At the moment we all believe Personal Care Workers are worth their weight in gold.
But what happens when this deadly pandemic passes?
Will it be back to business as usual or are we going to give Personal Support Workers (and others on the front-line) the support and the salaries they deserve for the critically important work they do?
A ten-minute walk from where I live takes me to the Mackenzie Place Long-term Care Home on George Street where on Monday (20 April) an 87 year old woman became the fourth resident to die of Covid 19. Newmarket Today tells me 49 residents and 17 health-care workers have tested positive.
Crisis in long term care
This crisis in long term care has been a long time in the making. And the wall-to-wall coverage in recent days has brutally exposed the sector’s shortcomings and failures that have tragically cost so many lives.
A report last week from the Canadian Centre for Policy Alternatives says Ontario needs to spend at least $58 million more a month on staffing to help save the lives of seniors in long-term care homes. True, the Province is taking new measures to protect residents but is it too little too late?
Personal Support Workers struggle to get by on low wages, often working in multiple care homes to make ends meet. Yet Directors of Care Homes can rake in millions of dollars.
He also brought in the Public Sector Salary Disclosure Act in 1996 (the Sunshine List) listing salaries over $100,000. This figure has never been uprated for inflation and every year more people are drawn into the net.
For the last 16 years Harris, now 75, has chaired the Board of Chartwell, Canada’s largest for-profit retirement home chain with over 200 retirement communities across four Provinces. 15% of its business is in Long Term Care. Chartwell is one of Canada’s largest employers of Personal Service Workers.
I don’t know what the going rate is for Personal Service Workers at Chartwell. Their website is Delphic:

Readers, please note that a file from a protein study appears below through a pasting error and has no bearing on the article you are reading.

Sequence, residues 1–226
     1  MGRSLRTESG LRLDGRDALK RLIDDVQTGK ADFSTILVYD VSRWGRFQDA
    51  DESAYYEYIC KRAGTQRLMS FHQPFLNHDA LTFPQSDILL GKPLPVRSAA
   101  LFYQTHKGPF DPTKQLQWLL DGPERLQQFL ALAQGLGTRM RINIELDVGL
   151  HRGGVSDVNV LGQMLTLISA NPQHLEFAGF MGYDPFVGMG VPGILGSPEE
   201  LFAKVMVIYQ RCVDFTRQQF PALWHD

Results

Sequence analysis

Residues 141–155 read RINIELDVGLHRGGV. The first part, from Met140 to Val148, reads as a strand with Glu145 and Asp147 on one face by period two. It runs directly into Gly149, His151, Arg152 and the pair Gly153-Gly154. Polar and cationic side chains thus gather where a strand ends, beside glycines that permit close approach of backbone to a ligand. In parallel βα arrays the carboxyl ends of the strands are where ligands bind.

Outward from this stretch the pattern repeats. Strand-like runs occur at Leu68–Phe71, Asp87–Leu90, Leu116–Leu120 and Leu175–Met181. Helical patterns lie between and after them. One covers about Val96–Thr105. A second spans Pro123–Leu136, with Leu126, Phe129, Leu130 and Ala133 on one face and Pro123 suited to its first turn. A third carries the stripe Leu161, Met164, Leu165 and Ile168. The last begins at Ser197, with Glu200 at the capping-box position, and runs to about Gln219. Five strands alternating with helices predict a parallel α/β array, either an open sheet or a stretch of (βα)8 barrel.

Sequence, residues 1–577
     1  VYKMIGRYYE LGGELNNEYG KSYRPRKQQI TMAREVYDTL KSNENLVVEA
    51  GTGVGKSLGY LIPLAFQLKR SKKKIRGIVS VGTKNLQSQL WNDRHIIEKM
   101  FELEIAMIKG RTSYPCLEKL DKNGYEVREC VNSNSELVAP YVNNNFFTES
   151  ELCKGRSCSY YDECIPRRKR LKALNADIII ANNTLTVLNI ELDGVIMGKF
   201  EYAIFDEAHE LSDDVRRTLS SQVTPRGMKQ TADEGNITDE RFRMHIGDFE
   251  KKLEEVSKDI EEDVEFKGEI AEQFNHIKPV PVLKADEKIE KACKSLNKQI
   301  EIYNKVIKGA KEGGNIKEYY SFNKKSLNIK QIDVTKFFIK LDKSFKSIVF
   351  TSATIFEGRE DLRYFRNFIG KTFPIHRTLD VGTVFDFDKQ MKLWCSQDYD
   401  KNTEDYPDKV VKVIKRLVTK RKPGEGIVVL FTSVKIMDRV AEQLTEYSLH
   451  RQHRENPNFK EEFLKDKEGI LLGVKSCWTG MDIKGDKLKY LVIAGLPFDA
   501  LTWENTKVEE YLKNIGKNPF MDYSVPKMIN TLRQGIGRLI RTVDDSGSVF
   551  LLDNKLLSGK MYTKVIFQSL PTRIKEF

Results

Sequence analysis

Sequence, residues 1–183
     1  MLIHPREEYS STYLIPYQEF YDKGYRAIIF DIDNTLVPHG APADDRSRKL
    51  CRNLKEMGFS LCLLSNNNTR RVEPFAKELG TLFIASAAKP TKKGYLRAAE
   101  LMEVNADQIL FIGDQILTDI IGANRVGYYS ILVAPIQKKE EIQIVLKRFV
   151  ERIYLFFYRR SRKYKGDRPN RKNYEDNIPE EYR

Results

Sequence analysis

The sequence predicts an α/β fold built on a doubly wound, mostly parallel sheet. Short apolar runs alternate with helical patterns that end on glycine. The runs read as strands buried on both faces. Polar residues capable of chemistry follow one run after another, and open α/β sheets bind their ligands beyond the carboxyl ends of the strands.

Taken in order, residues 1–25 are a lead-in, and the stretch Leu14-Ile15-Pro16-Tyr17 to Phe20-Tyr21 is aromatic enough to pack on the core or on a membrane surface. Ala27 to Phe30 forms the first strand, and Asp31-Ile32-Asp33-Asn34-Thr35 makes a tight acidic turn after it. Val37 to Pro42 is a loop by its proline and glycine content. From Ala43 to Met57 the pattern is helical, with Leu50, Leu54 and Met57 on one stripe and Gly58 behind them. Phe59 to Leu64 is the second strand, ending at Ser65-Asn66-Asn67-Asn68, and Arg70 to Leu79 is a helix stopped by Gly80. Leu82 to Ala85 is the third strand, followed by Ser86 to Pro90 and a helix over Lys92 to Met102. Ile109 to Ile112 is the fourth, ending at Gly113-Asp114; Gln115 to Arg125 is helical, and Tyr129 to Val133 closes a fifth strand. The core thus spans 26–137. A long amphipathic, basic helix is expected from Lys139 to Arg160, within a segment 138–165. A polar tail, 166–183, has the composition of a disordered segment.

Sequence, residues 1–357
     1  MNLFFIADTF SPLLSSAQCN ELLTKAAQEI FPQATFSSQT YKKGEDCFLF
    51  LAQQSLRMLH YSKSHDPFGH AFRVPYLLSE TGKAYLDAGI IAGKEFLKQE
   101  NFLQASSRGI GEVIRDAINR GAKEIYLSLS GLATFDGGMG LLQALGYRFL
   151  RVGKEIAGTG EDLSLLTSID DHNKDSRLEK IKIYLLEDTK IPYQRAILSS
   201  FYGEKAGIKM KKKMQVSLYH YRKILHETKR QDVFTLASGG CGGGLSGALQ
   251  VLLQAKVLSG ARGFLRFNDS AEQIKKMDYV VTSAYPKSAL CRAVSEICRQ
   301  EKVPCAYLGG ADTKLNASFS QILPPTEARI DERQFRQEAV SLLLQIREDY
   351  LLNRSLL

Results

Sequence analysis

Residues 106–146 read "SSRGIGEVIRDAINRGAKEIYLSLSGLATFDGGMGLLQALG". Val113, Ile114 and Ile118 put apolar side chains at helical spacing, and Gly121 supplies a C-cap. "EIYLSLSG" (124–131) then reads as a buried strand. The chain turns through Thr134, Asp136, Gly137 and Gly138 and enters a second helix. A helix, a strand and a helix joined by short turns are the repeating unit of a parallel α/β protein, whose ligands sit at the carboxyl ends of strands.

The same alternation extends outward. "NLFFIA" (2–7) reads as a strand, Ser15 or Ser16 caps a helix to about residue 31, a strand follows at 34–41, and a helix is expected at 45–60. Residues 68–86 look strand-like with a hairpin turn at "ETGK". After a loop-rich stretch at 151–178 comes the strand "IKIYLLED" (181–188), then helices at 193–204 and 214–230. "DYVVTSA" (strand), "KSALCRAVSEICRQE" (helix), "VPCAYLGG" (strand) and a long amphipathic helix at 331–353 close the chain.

“Chartwell offers compensation programs to attract and retain a highly qualified and diverse workforce. These programs are consistent with our mission and business strategies and ensure employees feel valued and appreciated for their efforts.”
As Chair of Chartwell’s Board Harris gets an annual retainer of $110,000 and $2,200 per meeting. Harris attended 15 last year.
Since 2008 Directors have been able to use their annual retainer and meeting fees to acquire “Deferred Units”. These are matched on a one-for-one basis by Chartwell, effectively doubling the holding.
The market value of Harris’s Deferred Units was $4,293,877 on 31 December 2019 but he has taken a big hit with the market value dropping to $2,674,016 on 30 March 2020. Harris also holds “Trust Units” which “represent an individual ownership interest in Chartwell”. The market value of these securities on 31 December 2019 was $2,762,069, dropping to $1,700,958 on 30 March 2020.
All in all, the total value of his securities is now $4,374,973 down from $7,055,946 three months previously. (Click link at bottom of the blog to read more.)
Being Chair of Chartwell is not Mike Harris’s day job. He is a senior business adviser at the law firm Fasken Martineau DeMoulin but admits no legal expertise.
Harris is also a member of the Board of Directors of Canaccord Genuity Group Inc and Colliers International Group Inc. He is Chair of Route 1 Inc.
Part of Harris’s remuneration at Chartwell derives from its involvement in Long Term Care which is, of course, regulated by the Province which controls long term care fees and subsidizes long term care residents. They say it is an important part of their business.
But Chartwell warns its investors:
“There can be no assurance that the current level of such fees and subsidies will be continued or that such fees will increase commensurate with expenses. A reduction of such fees or subsidies could have an impact upon the value of our properties and our net income.
Provincial governments have recently introduced legislation relating to long term care, retirement residences, rent control and employment standards, all of which impacts Chartwell’s operations.”
We wait to see how the Ford Government’s plans to reorganise Health and Social Care will be affected by the coronavirus and the horror stories coming out of long-term care homes. The pandemic has highlighted chronic underfunding in the sector. Will wages and benefits for Personal Support Workers get a much needed lift? What about long term care in the long term?
What lessons has Doug Ford learned?
And how will Mike Harris and the for-profit long term care providers like Chartwell respond?
Its AGM is on 14 May.
Update on 19 May 2020: Province announces independent inquiry into long-term care.
Update on 2 June 2020 from the Toronto Star: Harris embodies nursing homes' checkered history.